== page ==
Which brings me to ‘Giving nature a home’ as that is what I have been doing for the past 20 years: It was in 1982 when I started recording the breeding birds on my farm but I didn’t realise just how fast they were declining until 1992, and this really worried me. I love farming and I love wildlife – especially the birds, so I just had to start reversing that decline on my farm.
I have studied every crop and every type of cultivation, plus the other habitats on and around the farm such as dykes and hedges. And not only on my farm but all my neighbours’ farms as well, with every spring seeing me walk about 70 miles surveying the land to find out where the birds are and why they are there – or, of course, why they are not there. All these surveys are done between 5am and 7am, and I never fail to be motivated enough to get out there and do it, and my daughter Lucy often accompanies me too.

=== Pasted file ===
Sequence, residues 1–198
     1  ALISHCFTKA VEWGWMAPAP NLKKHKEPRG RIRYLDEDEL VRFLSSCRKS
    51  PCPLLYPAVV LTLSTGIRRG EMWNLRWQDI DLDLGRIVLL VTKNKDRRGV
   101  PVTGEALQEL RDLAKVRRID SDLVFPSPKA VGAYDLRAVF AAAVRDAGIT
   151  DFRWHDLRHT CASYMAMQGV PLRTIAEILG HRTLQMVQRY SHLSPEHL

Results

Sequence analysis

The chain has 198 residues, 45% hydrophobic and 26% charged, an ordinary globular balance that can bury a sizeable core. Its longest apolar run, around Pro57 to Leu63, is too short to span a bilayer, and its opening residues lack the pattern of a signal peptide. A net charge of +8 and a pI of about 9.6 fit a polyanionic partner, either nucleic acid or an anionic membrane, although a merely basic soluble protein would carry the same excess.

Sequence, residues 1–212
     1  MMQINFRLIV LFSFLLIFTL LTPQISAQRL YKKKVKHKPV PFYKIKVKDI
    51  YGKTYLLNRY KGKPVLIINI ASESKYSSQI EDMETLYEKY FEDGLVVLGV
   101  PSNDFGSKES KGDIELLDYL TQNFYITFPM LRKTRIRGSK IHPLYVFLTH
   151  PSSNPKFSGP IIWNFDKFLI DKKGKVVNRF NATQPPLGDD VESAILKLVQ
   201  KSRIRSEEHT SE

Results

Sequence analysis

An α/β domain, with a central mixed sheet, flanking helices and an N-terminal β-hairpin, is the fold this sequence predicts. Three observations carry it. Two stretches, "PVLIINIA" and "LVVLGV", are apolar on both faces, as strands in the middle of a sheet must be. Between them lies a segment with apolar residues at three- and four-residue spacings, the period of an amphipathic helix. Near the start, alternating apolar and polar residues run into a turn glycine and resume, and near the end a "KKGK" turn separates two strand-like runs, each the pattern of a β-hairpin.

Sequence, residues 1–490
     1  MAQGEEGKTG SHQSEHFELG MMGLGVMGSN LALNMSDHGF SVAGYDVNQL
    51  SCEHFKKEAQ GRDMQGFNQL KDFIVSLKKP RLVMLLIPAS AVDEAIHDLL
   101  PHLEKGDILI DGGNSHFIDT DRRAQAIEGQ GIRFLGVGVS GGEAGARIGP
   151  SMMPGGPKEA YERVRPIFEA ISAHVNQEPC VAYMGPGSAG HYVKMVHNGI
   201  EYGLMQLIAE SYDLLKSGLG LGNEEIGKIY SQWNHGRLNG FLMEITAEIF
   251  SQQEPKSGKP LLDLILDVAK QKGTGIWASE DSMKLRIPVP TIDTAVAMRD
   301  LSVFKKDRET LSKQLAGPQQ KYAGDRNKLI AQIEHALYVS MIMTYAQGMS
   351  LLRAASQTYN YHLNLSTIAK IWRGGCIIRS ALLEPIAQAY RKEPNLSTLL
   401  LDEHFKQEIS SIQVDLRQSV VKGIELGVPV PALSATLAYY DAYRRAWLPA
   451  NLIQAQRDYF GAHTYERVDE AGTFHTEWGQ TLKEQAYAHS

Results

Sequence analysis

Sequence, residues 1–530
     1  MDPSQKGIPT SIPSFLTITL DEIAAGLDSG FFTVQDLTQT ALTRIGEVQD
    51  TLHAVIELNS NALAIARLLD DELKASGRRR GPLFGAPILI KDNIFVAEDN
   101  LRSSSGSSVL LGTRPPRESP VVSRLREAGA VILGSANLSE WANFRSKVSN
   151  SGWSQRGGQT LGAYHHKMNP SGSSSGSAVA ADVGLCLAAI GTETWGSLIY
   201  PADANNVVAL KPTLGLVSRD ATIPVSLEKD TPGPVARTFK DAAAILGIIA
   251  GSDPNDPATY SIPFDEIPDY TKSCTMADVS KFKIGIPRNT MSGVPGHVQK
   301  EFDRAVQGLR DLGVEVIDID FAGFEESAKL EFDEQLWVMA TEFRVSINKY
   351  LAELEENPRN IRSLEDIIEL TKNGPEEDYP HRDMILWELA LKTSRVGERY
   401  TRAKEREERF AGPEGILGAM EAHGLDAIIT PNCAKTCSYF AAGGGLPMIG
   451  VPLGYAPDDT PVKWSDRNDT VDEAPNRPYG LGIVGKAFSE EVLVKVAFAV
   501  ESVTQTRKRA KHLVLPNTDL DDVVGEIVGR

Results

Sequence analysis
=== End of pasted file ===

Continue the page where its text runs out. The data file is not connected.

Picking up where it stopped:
These breeding bird surveys have taught me so much about birds and I have put it all into practice on my farm. I have planted hedges, widened dykes and dug lots of ponds. I have persuaded our local drainage board not to cut our drainage ditches so often, I have wide grass margins, cultivated margins to provide seed and insects for our small farmland birds, and 15 acres of wild flower meadows for butterflies and other insects. The land to create this habitat has been taken from rich Fen farmland, as we don’t have any steep banks, wet holes or awkward field corners here in the Fens. I have lots of spring crops which are ideal for Lapwings, and this year over 30 pairs of this wonderful bird bred on my farm. In the winter and spring I feed hundreds of birds all over the farm as I just love to see a lot of birds around.
I was born on my farm, and I love it as my home, my work and my passion.
Proud to be in the East, then find out more and vote for Nicholas here www.rspb.org.uk/farmvote
Blogger: Adam Murray, Communications Officer (Marketing & Brand)